The geared and gearless terms refer to the way power is transmitted from the motor to propel the bike forward. In practice, this distinction usually applies to hub motors rather than mid-drives -- the vast majority of mid-drives are geared motors.
Geared hub motor overview
Geared hub motors use a gear system within the hub to transmit the motor's rotational force to the hub and wheel. It's easiest to see in a typical cheap hub motor in the picture above. A sun gear fixed to a rotating motor turns to the hub through a series of other gears.
The main point to understand is that the gears inside the hub slow down the jerk of the motor, allowing the wheel to turn at a more appropriate speed. The motor likes to turn fast, much faster than the bike's wheels, hence the need for gearing. Geared hub motors are the most common and economical form of the hub motor.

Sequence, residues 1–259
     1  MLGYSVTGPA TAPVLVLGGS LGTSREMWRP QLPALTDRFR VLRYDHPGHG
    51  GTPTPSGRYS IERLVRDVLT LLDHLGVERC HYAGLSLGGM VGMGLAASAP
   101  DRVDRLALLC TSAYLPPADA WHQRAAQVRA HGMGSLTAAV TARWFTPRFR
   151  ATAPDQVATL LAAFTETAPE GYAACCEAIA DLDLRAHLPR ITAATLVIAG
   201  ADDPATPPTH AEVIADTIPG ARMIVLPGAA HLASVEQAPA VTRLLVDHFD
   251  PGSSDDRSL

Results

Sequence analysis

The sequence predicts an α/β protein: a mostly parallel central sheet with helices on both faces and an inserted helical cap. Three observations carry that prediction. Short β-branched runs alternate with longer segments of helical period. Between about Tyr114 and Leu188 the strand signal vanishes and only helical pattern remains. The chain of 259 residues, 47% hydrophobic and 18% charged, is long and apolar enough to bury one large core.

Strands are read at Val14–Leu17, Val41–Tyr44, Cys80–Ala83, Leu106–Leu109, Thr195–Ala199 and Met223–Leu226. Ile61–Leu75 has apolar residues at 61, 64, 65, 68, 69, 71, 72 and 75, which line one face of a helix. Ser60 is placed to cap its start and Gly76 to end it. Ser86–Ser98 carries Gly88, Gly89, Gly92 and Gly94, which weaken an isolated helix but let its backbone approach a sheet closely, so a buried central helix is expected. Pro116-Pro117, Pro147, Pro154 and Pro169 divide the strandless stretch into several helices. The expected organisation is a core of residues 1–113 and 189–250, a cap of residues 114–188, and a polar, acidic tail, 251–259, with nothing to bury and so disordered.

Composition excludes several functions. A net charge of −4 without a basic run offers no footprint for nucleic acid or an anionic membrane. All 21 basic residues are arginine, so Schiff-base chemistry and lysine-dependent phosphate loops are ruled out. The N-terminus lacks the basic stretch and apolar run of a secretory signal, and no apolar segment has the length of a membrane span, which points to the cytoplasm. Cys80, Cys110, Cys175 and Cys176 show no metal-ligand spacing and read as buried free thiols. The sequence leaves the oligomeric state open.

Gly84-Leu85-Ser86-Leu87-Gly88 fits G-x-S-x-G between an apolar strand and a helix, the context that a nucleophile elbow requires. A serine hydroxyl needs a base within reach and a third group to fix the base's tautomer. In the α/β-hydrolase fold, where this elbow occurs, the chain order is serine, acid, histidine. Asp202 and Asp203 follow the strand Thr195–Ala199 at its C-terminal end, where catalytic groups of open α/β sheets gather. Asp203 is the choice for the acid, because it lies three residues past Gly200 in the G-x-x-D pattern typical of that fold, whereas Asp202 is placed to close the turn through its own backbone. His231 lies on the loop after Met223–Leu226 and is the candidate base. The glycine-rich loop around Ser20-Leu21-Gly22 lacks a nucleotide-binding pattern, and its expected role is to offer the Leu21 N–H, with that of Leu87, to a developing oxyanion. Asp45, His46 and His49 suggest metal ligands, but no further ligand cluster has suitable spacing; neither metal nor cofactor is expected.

Gearless Hub Motor Overview
Yes, you guessed it, gearless hub motors have no gears inside the hub! The hub in a gearless system is the motor itself. The bundle of copper wires you see is part of the stator on the right. When the motor controller pulls current from the battery into the wires, the stator becomes an electromagnet. In the hub shell on the left, are permanent magnets that force the stator to turn when energized by subtly attracting and repelling magnets at just the right time. There are no gears involved - only magnetism - hence the name "gearless".